I got my 1st Italian Greyhound about 7 years ago. She was 3 months old and I named her Sophie. She has always been the most obedient, quiet little dog I’ve even owned. When she was about 2 years old I thought how nice it would be to get another one for her to play with, even though she was content to sit on her bed in the sunbeam with her paws crossed.
I saw a white Italian Greyhound who was born to 2 gorgeous show dogs. Out of that litter there were 2 white females; one could hear and one couldn’t. The breeder was looking for a special home for the deaf pup.
I emailed the breeder and told her I already knew sign language. I was a member of A.L.D.A. The Association of Late Deafened Adults. I was hearing but belonged to this group to brush up on my signing skills. I believed I had enough knowledge and patience to raise a deaf puppy since I knew signing and a lot about the deaf culture.
She was not the cutest pup I had ever seen. She was lanky and had a long snoot but her root beer colored eyes were soft and spectacular. They reached into my heart. I knew I could make her feel like she belonged.
I would like to share my experience in raising Bianca who I have had now for 6.5 years. I never looked at her differently. I didn’t pamper her nor did I excuse her wrong doings. I never felt badly for her not being able to hear. I didn’t even look at it as more of a challenge. We don’t really need to use as much language as we do with our hearing dogs. Dogs only grasp 3-4 words at best when they are said in a sentence. Hearing dogs respond to our facial and body language so I knew that the introduction of signs coupled w/ facial and body language would be the best method.
If you are new to raising a deaf dog, know that the dog is learning as you learn. Yes, at first getting their attention is paramount. 2 simple signs; look at me, and thumb up when they have will start to create your bond. But once that is established they will soon understand and look forward to you “talking” to them. You are their link to the world. The only challenge I foresee is being consistent but that is true of all dog training.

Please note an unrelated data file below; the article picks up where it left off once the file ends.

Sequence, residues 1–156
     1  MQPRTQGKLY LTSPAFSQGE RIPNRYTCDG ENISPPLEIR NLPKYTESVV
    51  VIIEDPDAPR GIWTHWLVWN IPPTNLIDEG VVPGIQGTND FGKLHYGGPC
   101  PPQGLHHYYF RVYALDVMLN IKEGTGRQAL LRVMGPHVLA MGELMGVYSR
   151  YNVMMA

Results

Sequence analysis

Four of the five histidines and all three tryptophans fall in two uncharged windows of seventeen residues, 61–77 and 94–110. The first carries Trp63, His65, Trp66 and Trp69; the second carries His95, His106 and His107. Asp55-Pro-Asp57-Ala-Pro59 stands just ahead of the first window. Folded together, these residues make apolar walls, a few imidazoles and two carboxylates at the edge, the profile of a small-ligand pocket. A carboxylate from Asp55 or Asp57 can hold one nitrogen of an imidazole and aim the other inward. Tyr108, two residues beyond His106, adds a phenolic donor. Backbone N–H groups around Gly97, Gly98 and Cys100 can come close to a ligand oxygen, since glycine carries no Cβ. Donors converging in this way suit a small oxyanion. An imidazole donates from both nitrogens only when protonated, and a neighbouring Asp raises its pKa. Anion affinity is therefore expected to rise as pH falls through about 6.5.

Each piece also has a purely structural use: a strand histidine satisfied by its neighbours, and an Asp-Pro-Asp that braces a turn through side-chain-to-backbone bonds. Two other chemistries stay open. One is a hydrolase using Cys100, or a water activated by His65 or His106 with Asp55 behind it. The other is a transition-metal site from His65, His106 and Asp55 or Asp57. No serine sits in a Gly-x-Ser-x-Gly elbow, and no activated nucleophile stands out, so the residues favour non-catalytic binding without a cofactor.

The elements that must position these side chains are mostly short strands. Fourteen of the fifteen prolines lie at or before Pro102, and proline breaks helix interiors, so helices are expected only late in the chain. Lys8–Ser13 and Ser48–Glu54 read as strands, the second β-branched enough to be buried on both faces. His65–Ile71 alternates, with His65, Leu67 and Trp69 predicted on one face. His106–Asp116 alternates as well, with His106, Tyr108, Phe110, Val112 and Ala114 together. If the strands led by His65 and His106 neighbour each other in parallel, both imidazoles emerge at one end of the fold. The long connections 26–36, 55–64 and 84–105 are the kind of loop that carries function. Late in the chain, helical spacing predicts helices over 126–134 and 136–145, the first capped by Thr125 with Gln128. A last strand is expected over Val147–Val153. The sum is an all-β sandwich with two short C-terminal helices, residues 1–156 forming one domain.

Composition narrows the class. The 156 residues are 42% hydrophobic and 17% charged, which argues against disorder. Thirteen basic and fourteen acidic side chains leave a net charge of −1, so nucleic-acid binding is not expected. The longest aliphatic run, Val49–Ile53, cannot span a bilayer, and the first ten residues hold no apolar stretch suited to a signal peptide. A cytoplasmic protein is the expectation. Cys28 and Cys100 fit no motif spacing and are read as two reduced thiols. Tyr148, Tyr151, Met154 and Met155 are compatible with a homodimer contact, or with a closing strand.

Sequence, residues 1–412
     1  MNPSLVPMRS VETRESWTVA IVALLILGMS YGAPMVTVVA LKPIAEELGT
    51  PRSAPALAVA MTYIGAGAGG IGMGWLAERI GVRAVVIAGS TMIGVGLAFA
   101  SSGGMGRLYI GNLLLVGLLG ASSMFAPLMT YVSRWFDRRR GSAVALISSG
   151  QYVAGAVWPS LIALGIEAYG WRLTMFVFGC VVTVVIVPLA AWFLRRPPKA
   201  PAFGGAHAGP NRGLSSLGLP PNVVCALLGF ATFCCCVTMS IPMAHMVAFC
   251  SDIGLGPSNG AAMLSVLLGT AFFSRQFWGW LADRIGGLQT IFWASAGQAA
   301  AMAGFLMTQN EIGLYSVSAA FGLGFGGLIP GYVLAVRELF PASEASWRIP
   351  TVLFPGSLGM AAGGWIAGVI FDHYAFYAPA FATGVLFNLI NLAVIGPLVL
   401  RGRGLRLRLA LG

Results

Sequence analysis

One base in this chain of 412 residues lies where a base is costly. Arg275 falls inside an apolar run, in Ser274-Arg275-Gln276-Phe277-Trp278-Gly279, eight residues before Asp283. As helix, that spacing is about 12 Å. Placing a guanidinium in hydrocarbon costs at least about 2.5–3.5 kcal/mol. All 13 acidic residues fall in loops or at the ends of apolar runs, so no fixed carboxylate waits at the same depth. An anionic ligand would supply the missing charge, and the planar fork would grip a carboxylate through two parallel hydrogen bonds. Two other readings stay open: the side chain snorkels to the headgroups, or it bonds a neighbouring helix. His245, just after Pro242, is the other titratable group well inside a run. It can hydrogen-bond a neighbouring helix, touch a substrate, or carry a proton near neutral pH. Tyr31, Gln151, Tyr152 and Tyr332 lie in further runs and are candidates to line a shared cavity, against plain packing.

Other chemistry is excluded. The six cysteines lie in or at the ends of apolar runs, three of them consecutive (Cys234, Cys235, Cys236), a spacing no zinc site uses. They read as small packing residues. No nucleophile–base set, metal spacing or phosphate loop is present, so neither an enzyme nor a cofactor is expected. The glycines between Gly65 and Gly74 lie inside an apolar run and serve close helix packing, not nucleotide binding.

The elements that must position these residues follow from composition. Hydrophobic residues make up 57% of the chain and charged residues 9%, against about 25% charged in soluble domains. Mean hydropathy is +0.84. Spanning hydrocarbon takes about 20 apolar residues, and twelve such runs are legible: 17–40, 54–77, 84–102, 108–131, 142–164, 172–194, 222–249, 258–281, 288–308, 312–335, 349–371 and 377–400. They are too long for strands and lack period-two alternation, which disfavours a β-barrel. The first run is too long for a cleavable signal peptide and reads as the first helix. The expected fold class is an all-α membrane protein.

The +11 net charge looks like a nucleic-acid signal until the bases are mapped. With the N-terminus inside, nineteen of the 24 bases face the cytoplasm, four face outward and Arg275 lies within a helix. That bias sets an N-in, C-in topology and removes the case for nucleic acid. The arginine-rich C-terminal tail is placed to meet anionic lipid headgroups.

I have several sign language books. If you want one with the most signs it is called, The Comprehensive Signed English Dictionary. It is on Amazon.com. Some signs I have had to make up because they were not applicable and also she would not understand if I finger spelled a word.
One thing I have done at an early age is brush past her or lightly touch/stroke her when she was sleeping. I did this so the “startle factor” was removed. Deaf dogs get a bad rap about being startled and being aggressive due to it.
Photo of Bianca and her BFF Sophia
I suggest micro chipping. I also have another axillary clasp from her collar to the leash’s clasp just as a precaution if one breaks. I have purchased a vest that states, “I am deaf” not to point out she is but so people are aware by the gates in a dog park or when people want to pet her. It is our hands that talk to deaf dogs so she will look at oncoming people hands as they are talking and she moves her head around to watch the hands instead of enjoying being pet. I usually say let her smell the persons hands and then pat her sides. She loves that.
Photo of Bianca and Sophia
Bianca is very inquisitive and super smart. She watches my every move. I let her smell everything and then sign what it is. I sign to her as I would talk to a person. I even use sign language and my voice with Sophie so Bianca doesn’t get left out of extemporaneous speech as most deaf people do.
I find that education is the foothold to all of us. Whether we are human or animal, the more we know the more balanced, obedient and happy we are.
Bianca knows 60+ signs and numerous 3-4 word sentences. It is not difficult. You can do it too. ~ Molly